NHS England has launched Code4Health challenges to encourage people to get involved in developing clinical software.

At the NHS Expo in Manchester last week, Richard Jefferson, NHS England’s head of business systems, said the challenges are all about, “giving the opportunity to take something and turn it into something real”.

Entries for the first round of challenges are due over the next two months and winners will be announced in November.

Founding member of the Open Source Software Foundation for Health and Social Care Dr Phil Kozcan launched one of the challenges at Expo.

He said anyone can submit an idea for the use of new or existing open source resources to solve a problem in the health and care system – such as linking systems or redesigning clinical interfaces – and the foundation will support the winners to build a community, attract funding and build prototypes to develop the solution.

Entries must be in by 16 October and the short list will be announced at EHI Live in November.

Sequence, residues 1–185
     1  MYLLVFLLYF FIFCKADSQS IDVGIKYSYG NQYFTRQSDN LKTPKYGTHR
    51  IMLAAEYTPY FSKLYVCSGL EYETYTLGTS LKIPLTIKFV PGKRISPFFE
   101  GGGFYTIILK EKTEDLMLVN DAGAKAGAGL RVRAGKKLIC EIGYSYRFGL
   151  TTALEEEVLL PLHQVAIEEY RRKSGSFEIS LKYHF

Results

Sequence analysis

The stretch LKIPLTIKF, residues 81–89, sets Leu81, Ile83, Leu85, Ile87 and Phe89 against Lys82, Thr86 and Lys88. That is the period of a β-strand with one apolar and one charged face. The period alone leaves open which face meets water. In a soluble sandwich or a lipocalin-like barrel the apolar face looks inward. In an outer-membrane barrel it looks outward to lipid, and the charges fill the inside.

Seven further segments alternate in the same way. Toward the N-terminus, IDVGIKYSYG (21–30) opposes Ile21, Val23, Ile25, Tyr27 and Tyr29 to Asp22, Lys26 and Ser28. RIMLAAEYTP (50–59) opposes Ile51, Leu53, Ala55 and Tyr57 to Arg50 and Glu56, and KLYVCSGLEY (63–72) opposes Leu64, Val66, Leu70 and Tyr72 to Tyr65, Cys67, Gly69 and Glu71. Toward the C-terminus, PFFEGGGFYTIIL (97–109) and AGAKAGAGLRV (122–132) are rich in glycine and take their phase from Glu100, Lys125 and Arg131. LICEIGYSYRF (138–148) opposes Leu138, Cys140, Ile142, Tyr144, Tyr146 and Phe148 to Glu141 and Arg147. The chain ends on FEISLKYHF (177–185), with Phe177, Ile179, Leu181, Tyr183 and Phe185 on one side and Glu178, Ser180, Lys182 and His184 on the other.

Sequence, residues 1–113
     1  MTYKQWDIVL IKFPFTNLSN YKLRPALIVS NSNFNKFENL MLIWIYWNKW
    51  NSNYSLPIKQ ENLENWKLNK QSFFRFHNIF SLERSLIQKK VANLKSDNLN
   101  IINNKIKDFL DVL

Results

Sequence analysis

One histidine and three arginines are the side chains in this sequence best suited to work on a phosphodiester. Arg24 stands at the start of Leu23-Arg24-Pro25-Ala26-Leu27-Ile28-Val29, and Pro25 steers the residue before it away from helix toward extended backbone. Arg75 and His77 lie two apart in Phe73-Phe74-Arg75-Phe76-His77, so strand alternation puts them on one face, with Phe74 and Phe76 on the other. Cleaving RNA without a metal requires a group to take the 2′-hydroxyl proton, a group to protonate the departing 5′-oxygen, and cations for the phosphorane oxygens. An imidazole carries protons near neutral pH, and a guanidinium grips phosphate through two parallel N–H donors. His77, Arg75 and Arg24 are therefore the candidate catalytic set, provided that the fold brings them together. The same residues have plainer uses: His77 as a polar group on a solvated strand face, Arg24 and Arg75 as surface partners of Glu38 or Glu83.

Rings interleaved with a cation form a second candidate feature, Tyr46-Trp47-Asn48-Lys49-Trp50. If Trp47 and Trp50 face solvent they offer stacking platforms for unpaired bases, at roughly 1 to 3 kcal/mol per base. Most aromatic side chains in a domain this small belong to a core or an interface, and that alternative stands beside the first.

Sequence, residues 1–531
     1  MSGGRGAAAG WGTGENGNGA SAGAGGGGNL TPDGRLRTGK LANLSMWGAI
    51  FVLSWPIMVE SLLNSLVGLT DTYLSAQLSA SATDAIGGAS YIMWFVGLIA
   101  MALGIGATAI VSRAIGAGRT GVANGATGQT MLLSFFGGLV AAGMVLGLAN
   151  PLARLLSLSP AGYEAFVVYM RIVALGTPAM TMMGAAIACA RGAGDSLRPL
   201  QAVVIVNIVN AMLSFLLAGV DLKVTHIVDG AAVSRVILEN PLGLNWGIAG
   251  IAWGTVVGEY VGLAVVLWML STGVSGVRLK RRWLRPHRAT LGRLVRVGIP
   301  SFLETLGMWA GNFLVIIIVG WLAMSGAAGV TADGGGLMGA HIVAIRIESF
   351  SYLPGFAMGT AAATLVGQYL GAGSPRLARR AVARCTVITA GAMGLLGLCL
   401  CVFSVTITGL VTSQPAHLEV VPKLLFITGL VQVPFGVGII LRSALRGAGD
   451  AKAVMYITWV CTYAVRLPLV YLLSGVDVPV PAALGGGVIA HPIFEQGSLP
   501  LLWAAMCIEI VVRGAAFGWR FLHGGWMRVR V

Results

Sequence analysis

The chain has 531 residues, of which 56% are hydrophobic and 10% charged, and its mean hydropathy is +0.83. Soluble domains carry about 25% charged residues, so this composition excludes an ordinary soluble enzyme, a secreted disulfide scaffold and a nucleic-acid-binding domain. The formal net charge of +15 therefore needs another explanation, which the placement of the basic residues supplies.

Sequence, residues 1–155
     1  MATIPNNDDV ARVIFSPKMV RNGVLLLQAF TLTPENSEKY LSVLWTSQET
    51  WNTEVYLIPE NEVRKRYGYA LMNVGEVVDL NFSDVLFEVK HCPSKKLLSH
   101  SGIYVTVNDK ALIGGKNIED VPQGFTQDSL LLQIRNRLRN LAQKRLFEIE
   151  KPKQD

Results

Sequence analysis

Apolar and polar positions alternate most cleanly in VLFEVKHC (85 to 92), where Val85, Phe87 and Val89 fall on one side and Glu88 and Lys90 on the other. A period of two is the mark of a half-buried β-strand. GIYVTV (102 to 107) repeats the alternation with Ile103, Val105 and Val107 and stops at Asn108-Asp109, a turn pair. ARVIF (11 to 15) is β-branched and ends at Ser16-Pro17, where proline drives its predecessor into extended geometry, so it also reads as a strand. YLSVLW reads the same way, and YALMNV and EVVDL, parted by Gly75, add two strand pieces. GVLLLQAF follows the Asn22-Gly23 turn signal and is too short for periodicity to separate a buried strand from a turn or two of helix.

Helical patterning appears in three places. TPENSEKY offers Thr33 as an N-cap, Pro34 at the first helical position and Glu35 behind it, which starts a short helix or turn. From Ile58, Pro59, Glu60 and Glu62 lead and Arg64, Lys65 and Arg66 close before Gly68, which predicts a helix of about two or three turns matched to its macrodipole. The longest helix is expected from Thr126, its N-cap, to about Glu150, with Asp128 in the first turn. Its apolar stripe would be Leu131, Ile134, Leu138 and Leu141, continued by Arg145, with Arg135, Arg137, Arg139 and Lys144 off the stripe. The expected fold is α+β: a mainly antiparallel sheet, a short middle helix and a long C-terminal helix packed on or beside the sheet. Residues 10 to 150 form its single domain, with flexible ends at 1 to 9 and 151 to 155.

Another challenge is called ‘How clean is your code?’ and is supported by Source Code Control. Company director Martin Callinan said the competition is intended to highlight licensing and security vulnerabilities that should be avoided.

Each submitted project will be assessed for problems around copyright, security, structure and compliance and given a score and the winner will be announced in November.

The Code4Health programme is about getting clinicians involved in the cycle of producing software. This year the aim is to get 250 clinicians through the ‘app in a day’ course and NHS England will start introducing other courses such as ‘data in a day’.

The programme has already introduced product communities focused on a particular piece of software, as well as place-based communities where people in a particular region have decided to work on a collaborative basis.

Founder of HANDI and consultant to NHS England on open source, Ewan Davis, spoke at Expo about the new Code4Health platform, previously the HANDI-HOPD online open platform demonstrator.

He said that when looking at the barriers to delivering the promise that apps hold, one of the challenges for developers is around: “How do I make my app work within the overall structure of the health and care system?”

“We recognised that the way to do this was by creating a platform to allow apps to easily interoperate with other components in the system.

“If you want to expose your API on the platform in the context of experimental use free of charge you can bring it to the platform, it doesn’t matter if you’re open source or proprietary,” Davis explained.